After this extensive education, I felt very comfortable speaking throughout the U.S. about what was wrong with our health care system and how we could improve it. I immediately found myself at odds with most in the medical community, who were quick to defend the status quo, including Dr. Ron Paul, who I debated on Larry King Live in the run-up to the Affordable Care Act. 

Many do not want any change that will threaten their way of life, even if it will improve the lives of countless others; this is unfortunate.

“Learn to do right; seek justice. Defend the oppressed” (Isaiah 1:17 NIV).

I believe that our current health care system oppresses far too many for us not to do anything. I also think that Acts 2:44-45 shows that we as a society are all in this together:

“All the believers were together and had everything in common. They sold property and possessions to give to anyone who had need” (NIV).

In the years since I answered this call, I have spoken at countless health care conferences, to numerous community groups, and have emerged as a voice to counter those who not only think nothing is wrong, but also that we have the best health care system in the world. I was fortunate to serve as a visiting fellow on health care policy in the California Department of Insurance and was a leading voice in trying to achieve insurance rate regulation in California.

I have always believed that we are defined as a society by how we care for the least among us as Matthew 25 describes.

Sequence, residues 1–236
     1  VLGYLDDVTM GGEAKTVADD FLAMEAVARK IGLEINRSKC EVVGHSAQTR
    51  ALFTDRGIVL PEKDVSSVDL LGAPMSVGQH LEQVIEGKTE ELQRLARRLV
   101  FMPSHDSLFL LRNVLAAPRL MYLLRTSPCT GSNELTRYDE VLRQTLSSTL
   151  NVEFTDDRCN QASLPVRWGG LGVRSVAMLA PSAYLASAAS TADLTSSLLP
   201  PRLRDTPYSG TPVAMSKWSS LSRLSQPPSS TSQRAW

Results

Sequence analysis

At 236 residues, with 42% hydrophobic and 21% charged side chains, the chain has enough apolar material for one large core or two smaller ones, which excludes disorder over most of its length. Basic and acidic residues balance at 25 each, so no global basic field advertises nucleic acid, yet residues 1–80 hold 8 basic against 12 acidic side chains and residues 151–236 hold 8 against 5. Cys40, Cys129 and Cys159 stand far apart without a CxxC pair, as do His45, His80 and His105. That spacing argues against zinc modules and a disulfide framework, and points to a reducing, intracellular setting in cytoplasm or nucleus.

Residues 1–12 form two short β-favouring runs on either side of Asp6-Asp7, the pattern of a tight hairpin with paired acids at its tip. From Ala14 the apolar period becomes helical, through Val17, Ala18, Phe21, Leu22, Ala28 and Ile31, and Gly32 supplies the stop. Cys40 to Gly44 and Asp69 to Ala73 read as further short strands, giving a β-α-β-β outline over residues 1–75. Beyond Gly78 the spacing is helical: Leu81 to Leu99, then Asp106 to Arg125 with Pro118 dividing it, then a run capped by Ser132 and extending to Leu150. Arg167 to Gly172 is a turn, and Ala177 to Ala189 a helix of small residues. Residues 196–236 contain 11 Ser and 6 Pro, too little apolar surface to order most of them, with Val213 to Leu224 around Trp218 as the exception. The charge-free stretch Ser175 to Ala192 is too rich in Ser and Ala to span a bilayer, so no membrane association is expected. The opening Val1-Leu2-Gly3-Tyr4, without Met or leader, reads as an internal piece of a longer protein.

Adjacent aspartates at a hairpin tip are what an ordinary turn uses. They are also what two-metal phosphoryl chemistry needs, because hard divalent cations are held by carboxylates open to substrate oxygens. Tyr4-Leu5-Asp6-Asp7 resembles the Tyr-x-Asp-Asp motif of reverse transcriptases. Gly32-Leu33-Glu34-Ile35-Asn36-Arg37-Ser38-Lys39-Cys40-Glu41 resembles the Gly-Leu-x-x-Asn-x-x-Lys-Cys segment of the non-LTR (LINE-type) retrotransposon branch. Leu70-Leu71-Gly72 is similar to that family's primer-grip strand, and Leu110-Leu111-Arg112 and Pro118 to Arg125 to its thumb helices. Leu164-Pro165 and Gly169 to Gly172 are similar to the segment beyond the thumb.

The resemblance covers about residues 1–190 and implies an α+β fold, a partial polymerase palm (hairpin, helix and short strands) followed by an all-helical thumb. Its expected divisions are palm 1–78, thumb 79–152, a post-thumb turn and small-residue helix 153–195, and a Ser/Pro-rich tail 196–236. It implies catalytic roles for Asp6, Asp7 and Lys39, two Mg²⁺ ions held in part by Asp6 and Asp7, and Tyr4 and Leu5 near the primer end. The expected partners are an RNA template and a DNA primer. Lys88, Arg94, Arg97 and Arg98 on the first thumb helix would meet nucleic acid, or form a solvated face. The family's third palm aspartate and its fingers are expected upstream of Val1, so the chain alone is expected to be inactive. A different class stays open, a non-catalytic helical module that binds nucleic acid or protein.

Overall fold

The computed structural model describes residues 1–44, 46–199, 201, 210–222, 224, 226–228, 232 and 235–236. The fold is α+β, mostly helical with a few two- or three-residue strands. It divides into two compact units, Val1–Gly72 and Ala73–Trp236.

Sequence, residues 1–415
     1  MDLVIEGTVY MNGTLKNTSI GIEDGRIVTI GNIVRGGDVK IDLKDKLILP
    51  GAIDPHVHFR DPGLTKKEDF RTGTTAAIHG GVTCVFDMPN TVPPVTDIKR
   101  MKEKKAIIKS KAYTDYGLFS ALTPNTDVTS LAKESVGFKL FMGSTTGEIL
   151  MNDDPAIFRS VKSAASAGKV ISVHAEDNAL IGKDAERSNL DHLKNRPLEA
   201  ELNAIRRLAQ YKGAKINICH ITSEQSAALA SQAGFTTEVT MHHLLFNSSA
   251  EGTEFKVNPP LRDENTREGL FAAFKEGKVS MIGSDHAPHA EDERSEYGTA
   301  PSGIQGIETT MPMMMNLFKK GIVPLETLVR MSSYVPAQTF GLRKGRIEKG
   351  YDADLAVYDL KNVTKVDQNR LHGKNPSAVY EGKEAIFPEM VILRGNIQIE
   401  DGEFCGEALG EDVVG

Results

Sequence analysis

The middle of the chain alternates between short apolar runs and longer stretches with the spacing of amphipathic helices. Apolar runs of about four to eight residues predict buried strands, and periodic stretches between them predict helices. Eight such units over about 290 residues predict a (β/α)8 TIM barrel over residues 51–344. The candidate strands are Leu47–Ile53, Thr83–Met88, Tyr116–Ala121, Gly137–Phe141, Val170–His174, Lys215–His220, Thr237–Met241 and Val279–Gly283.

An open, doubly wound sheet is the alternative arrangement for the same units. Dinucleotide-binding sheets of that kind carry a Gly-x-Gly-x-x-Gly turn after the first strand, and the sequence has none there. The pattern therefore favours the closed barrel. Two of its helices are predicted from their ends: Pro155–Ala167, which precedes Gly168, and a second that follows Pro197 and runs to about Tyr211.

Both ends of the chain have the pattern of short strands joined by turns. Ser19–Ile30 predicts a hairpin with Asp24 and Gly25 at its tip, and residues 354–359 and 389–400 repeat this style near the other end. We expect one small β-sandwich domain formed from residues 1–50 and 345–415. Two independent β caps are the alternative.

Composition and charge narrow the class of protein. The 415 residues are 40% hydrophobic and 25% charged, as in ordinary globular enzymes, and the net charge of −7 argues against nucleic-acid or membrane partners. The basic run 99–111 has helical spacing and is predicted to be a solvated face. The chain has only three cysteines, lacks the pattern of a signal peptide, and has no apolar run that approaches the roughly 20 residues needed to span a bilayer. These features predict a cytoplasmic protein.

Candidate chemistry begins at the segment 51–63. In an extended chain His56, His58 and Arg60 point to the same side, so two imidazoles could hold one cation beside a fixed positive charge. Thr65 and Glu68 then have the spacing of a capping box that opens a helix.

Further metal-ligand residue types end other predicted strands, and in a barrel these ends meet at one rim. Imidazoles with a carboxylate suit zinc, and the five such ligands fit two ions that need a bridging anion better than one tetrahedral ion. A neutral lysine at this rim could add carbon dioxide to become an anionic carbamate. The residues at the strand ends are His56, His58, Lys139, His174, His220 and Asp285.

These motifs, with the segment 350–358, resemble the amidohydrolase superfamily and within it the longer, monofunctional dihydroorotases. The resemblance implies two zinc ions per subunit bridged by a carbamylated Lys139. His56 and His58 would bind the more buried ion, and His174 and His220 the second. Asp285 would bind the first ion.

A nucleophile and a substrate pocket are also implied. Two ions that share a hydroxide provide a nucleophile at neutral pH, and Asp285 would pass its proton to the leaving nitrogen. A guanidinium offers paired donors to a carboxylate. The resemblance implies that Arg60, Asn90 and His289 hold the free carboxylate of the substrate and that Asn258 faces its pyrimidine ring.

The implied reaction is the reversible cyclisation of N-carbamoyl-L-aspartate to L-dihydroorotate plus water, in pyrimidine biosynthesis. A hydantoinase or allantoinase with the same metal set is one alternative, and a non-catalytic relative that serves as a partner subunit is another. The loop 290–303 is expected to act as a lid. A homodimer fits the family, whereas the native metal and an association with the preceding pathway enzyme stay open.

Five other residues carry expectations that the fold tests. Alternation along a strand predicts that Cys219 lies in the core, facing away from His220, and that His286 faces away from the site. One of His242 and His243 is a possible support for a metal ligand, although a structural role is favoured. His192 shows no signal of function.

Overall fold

That is why I continue to fight for those without a voice, especially when it comes to health care.

Two years ago, I took over as the leader of the Courage Campaign, an online organization with over 1 million members who advocate and fight for a more progressive California and nation. I serve on a purely voluntary basis, which has forced me to cut back on my hours as a physician. And while I now make less as a doctor than I did at any point of my career, I feel that I am also helping more people than ever before, and for this I feel extremely blessed to do what I do.

I will not hesitate to call out those who hijack facts to defend their ideology and especially those who distort what I believe God calls us to do.

I pray that more and more brothers and sisters will feel a similar calling. There is still far too much health care injustice to remain silent.

Paul Y. Song, M.D., is a physician, healthcare activist, and biotechnology executive. He is on the faculty at the Samuel Oschin Cancer Center at Cedars Sinai Medical Center and is the Chief Medical Officer of ATGen Global. He is also the executive chairman of the Courage Campaign, a progressive online organization, and the co-chair for a Campaign for a Healthy California.

PNHP note: Dr. Paul Song is a member of the national board of Physicians for a National Health Program.